3. Keep Your Hands Really Clean

With a sponsor bomb strategy, you don’t want to run afoul of the sponsorship property owner or other sponsors. That means it is vital to understand what you can and cannot do, say, and represent relative to the property.

In our case: We could not show the Olympic rings, but the legal team said we could say “Summer Olympics” without naming the host city of the Olympics.

4. The creative execution should be more strategic than creative (and it must be incredibly creative)

Creative execution for a sponsor bomb has to integrate strongly with the rest of the sponsor bomb strategy to maximize the impact with the target audience. The creative has to match up with the objectives, the budget, and how you are deploying resources. To make the sponsor bomb work, creative that generates a big “wow” without supporting every aspect of the strategy is just a wasted opportunity.

In our case: To stay in budget, we had to go with lower production values. The idea of featuring employees played into lower production costs, plus it put the target audience right into the Olympics advertisement. The repetitive structure allowed us to feature more employees (4 different versions of the ad) while not compromising the advantages we were getting from the high frequency we were able to achieve with 15-second advertisements (featured below).

Have you tried or seen a similar guerrilla marketing sponsorship strategy?

There are multiple ways you can employ this type of non-traditional sponsorship strategy. As we’ve discussed previously, The Brainzooming Group used a variation of this approach to create the Building the Gigabit City sponsorship. While it may be more challenging strategically than a typical sponsorship approach, the rewards for your effort can be tremendous! – Mike Brown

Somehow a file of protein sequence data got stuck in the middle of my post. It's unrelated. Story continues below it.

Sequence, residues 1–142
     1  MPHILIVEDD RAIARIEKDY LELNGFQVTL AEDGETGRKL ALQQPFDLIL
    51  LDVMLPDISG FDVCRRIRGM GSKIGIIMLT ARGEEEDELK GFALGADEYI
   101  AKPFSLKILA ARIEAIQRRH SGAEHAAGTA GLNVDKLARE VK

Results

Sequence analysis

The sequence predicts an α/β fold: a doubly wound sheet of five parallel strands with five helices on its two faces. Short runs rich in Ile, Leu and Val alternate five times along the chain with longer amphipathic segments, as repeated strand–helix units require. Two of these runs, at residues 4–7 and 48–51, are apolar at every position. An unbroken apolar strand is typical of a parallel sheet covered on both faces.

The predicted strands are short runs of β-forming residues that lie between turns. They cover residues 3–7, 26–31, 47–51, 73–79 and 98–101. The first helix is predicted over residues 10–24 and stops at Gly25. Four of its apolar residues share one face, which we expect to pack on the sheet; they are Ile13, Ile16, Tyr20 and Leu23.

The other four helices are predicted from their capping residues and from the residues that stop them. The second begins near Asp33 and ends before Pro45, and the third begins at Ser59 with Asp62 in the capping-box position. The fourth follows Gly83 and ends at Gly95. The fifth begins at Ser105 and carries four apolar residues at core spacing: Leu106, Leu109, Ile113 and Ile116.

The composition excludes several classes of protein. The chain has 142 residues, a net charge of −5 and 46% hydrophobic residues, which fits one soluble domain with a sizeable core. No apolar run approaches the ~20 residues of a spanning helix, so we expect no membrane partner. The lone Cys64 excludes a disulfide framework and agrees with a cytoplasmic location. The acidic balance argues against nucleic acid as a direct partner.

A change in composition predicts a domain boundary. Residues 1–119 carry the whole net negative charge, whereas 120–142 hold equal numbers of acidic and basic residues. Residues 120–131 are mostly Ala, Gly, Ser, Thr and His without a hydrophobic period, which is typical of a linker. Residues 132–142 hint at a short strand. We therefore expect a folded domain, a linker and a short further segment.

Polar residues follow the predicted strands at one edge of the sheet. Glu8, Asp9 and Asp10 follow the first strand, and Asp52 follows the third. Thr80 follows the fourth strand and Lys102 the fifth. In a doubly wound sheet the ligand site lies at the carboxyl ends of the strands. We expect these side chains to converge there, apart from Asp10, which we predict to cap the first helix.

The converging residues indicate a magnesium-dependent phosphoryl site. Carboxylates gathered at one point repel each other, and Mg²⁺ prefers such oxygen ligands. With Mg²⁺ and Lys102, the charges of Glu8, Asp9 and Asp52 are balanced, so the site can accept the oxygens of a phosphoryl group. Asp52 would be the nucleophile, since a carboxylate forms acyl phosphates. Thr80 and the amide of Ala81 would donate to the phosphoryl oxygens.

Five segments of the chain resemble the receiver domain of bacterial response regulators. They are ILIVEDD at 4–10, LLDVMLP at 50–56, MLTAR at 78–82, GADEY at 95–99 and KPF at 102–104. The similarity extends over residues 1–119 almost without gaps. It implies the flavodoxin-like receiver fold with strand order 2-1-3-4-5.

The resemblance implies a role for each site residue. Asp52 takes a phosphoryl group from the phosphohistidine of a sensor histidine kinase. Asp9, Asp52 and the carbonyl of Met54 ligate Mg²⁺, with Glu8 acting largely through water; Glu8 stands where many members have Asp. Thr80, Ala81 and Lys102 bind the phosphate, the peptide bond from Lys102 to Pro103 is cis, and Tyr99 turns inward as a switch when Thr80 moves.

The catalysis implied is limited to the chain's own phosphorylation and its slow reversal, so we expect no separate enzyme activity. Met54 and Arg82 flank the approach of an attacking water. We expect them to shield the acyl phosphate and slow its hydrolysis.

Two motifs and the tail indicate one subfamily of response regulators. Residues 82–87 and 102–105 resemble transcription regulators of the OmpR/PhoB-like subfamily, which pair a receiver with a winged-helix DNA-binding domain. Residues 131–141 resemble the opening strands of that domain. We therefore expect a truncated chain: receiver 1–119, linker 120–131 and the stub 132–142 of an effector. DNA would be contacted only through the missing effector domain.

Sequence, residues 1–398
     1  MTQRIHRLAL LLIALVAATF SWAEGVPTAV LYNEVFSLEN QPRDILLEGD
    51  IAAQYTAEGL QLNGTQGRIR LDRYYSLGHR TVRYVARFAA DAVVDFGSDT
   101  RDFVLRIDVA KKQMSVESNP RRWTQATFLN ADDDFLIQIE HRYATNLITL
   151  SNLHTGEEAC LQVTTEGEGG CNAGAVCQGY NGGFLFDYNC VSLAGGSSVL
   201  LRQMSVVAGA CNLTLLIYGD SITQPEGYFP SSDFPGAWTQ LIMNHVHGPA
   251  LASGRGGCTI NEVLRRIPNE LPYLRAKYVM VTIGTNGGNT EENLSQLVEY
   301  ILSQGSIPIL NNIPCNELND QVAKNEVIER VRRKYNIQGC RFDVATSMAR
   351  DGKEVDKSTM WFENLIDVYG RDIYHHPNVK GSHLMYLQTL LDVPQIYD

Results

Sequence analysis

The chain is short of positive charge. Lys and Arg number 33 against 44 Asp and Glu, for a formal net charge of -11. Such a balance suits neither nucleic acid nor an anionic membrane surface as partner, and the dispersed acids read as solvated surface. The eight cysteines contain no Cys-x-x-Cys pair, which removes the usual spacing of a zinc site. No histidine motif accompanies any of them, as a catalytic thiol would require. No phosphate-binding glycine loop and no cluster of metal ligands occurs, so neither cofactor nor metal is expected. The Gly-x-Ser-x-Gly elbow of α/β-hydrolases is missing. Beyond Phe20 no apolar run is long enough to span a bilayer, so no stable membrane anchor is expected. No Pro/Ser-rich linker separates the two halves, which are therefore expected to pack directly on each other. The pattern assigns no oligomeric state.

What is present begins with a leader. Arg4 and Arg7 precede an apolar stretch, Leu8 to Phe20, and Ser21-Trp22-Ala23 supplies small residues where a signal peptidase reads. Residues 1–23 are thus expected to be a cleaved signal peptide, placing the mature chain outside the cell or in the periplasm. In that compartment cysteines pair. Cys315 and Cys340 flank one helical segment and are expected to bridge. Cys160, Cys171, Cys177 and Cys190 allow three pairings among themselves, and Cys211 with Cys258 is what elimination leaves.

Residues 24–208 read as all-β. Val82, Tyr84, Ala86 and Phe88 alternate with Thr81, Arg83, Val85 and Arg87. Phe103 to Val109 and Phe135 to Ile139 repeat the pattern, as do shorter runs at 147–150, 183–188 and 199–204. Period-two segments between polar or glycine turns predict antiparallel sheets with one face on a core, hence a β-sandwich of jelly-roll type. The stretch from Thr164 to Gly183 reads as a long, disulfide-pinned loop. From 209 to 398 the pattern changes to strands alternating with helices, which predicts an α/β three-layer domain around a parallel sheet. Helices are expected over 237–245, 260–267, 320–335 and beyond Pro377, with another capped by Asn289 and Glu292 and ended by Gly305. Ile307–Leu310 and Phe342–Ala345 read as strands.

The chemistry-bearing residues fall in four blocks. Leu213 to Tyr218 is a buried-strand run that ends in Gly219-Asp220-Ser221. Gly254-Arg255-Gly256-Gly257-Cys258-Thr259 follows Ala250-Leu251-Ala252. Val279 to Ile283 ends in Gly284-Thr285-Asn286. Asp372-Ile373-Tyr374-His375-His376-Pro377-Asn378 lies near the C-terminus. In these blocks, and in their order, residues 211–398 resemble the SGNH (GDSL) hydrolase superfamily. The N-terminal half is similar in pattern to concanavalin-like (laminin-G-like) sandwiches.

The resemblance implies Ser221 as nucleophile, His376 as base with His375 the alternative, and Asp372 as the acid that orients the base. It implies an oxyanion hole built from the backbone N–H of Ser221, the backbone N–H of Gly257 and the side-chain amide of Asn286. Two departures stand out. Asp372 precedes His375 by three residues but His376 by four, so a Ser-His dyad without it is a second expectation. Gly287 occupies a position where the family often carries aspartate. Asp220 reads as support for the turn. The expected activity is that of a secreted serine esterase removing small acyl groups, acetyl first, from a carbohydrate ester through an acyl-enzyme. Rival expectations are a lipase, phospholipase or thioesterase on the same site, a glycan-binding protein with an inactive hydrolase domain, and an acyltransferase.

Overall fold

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The Brainzooming Group helps make smart organizations more successful by rapidly expanding their strategic options and creating innovative plans they can efficiently implement. Email us at info@brainzooming.com or call us at 816-509-5320 to learn how we can help you enhance your strategy and implementation efforts.

 

Mike Brown

Founder of The Brainzooming Group, and an expert on strategy, creativity, and innovation. Mike is a frequent speaker on innovation, strategic thinking, and social media.

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4

Thursday, July 26, 2012 was the long-awaited Google Fiber announcement day in Kansas City. The much anticipated and high secrecy corporate communications event played out in the Westport district of Kansas City at the new Google Fiber Space, conveniently located on State Line road, just inside Missouri on the dividing line between it and Kansas.

I scored an invite to the first of several Google Fiber introduction events over the course of two days as Google executives and mayors Joe Reardon and Sly James (of Kansas City, Kansas and Missouri, respectively) unveiled the Google Fiber offering.

Since there are already many stories evaluating the offers and packages Google Fiber introduced, there’s not much value in regurgitating what you can read and see elsewhere. Suffice it to say while I’m not personally a huge consumer of many TV channels, the packages appear to deliver the expected speed, flexibility, and coolness factor – all at a price point that has to have other cable players (esp. Time Warner Cable here in Kansas City) quaking.